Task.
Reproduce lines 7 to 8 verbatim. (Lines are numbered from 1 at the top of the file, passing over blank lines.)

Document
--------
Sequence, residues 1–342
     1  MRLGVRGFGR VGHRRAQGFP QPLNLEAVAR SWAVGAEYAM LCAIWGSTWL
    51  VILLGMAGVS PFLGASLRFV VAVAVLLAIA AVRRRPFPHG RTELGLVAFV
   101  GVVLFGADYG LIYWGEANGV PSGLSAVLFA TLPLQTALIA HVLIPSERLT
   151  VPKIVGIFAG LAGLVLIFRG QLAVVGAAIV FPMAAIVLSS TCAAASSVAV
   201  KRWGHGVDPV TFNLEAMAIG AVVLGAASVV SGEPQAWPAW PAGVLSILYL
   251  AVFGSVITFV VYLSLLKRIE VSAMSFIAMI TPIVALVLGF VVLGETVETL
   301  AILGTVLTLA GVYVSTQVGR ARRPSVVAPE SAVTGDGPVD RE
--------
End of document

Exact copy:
   251  AVFGSVITFV VYLSLLKRIE VSAMSFIAMI TPIVALVLGF VVLGETVETL
   301  AILGTVLTLA GVYVSTQVGR ARRPSVVAPE SAVTGDGPVD RE